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Out of the Archives: 35 mm Prints from the SMU Collections

Film series presents a rare opportunity to see what’s inside the G. William Jones Archive

Amanda Presmyk (B.A. '14-Film and Media Arts & Journalism)
What’s hidden below the surface of the Meadows School of the Arts? Quite a bit, including the G. William Jones Film and Video Collection, a vast and eclectic holding of films from nearly every decade of the past century now housed in the basement of Greer Garson.

Dr. William Jones was an SMU film professor for 27 years. He also founded the Dallas-based USA Film Festival, which he directed for 12 years. Throughout his career, Jones tirelessly swept up old reels from theaters across Texas as they went out of business or shut down. Desiring to support education through the preservation and presentation of moving images, Jones founded the collection in 1970.

The collection, which is part of the Hamon Arts Library, holds more than 9,000 film prints and negatives in both 16mm and 35mm, 3,000 videotapes, some still photography and examples of antique recording equipment.

Genres of film range from Warner Brothers gangster flicks to
Teen Wolf and Teen Wolf Too , comedies from the 1980s that star Michael J. Fox and Jason Bateman, respectively. The Belo news film collection – a large stock of raw news footage from the 1960s and ’70s – was donated to the archives by WFAA, KRLD and KERA. An extremely rare print of Alfred Hitchcock’s first color feature film from 1926, The Pleasure Garden , is a particularly notable work in the holdings.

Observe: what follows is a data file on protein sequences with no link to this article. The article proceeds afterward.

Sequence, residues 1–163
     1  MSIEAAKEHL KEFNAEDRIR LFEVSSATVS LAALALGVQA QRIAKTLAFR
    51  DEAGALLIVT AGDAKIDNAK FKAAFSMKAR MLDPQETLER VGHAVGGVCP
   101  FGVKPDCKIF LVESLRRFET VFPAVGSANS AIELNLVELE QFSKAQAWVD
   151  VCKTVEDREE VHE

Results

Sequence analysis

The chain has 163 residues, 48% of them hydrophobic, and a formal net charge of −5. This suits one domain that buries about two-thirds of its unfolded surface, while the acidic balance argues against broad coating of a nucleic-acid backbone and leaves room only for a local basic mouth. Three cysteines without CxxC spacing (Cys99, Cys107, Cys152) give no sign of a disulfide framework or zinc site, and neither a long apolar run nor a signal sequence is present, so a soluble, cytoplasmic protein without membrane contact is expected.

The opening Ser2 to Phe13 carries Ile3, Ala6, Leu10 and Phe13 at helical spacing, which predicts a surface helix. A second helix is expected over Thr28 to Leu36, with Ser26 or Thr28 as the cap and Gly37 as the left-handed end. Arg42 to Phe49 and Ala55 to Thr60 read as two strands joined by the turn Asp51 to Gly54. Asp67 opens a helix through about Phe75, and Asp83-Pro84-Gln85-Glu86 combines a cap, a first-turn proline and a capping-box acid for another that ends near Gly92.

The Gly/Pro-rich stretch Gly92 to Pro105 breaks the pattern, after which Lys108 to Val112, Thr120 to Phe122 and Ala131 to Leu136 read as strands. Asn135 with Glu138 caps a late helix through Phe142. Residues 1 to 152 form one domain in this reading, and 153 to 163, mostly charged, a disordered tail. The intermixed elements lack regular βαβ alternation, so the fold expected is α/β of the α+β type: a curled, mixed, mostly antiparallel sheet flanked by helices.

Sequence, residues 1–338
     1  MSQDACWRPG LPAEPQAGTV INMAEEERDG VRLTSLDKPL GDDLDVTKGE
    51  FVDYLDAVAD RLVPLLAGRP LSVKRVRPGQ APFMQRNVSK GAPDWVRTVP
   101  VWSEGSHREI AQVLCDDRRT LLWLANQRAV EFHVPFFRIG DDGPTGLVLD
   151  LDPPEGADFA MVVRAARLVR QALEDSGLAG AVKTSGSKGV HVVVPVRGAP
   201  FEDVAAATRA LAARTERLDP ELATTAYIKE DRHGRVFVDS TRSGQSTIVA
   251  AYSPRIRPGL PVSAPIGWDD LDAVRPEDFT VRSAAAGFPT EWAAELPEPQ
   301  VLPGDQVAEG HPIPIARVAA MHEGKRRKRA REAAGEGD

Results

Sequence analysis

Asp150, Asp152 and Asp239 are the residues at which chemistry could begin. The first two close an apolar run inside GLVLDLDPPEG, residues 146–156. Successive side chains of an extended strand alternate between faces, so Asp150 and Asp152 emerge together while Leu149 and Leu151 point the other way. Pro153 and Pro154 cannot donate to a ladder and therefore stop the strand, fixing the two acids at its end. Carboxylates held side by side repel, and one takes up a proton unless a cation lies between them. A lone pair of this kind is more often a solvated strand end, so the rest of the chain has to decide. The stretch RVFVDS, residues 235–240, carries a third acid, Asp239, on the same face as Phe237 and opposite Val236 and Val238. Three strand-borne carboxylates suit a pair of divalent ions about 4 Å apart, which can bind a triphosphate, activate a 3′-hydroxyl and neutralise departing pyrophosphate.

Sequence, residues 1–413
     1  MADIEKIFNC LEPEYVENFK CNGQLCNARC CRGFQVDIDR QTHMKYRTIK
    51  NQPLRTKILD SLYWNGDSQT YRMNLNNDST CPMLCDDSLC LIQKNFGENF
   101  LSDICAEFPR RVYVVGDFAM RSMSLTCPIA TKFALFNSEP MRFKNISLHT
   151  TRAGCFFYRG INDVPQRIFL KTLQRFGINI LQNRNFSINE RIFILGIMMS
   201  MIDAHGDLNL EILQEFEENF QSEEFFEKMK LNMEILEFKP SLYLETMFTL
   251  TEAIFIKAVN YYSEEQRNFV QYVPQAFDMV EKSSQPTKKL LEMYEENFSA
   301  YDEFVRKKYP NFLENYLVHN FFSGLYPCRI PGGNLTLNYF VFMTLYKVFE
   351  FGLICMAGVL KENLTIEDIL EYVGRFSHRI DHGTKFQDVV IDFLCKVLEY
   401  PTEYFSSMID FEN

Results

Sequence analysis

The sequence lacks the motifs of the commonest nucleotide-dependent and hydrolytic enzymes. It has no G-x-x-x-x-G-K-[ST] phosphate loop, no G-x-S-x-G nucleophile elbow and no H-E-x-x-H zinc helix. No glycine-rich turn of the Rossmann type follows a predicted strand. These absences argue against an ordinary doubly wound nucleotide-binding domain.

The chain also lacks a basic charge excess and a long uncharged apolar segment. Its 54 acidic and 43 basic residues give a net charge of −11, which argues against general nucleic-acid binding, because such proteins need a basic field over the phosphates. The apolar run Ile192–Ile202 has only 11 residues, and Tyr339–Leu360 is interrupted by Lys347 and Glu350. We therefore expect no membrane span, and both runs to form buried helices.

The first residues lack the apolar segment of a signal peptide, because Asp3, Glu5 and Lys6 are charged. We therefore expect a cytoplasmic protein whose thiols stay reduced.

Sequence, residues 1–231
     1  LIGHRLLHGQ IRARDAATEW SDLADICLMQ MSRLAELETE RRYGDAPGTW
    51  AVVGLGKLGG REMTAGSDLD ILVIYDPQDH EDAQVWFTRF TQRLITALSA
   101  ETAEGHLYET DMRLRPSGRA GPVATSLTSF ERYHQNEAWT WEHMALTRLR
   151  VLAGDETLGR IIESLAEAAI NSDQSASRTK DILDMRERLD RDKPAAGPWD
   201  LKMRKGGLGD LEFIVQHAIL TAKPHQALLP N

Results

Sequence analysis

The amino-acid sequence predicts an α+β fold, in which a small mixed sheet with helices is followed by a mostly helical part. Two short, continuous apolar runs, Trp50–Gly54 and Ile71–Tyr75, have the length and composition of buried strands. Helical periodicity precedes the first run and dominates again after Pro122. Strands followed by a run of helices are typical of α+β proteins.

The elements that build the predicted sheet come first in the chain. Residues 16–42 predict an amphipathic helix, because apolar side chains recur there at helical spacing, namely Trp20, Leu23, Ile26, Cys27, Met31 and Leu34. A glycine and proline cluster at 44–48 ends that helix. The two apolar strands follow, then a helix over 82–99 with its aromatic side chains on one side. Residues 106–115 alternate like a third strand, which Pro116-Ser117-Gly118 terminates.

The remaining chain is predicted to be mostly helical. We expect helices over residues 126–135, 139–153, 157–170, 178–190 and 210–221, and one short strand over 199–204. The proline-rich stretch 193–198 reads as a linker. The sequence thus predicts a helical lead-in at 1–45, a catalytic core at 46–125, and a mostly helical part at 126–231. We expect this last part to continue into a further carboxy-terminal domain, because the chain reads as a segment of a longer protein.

What the collection is most known for, however, is the Tyler, Texas Black Film Collection, a set of race movies produced by independent African-American companies in the 1930s and 1940s.

This impressive archive of film and video is one that, unfortunately, “a lot of people don’t know exists,” says Sean Griffin, chair of the Meadows School’s Division of Film and Media Arts.

In an effort to showcase some of the collection’s remarkable contents, Griffin has worked with Amy Turner, department manager for the Hamon Library and head of the G. William Jones Collection, to put together a public film series this semester titled “Out of the Archives: 35 mm Prints from the SMU Collections.”

The experience of watching a film print projected is much different than that of simply streaming one on a laptop; organic film possesses a gorgeous character that at once displays a high quality image and evokes a sense of nostalgia and beauty.

Because of this, both Griffin and Turner believe that tracking down copyright holders, making sure the prints are projector-ready, and devoting time to the upkeep of the archives is well worth the trouble. What’s in the vault has a lot of value to offer students, faculty and the public. As Turner says, the screenings “give people…an opportunity to see actual prints of these films,” an opportunity that will – unfortunately – not always be available to our generation.

Films on schedule for this semester are Gene Autry’s
Oh, Susanna! , on March 2, Fellini’s first color feature film, Giulietta degli Spiriti ( Juliet of the Spirits ), on April 6, and on April 27, Humphrey Bogart and James Cagney’s last film together, T he Roaring Twenties .

Screenings, which are free of charge and open to the public, are presented in room 3531 on the third floor of the Greer Garson Theatre at 7:00 p.m. For more information, call 214-768-2129.

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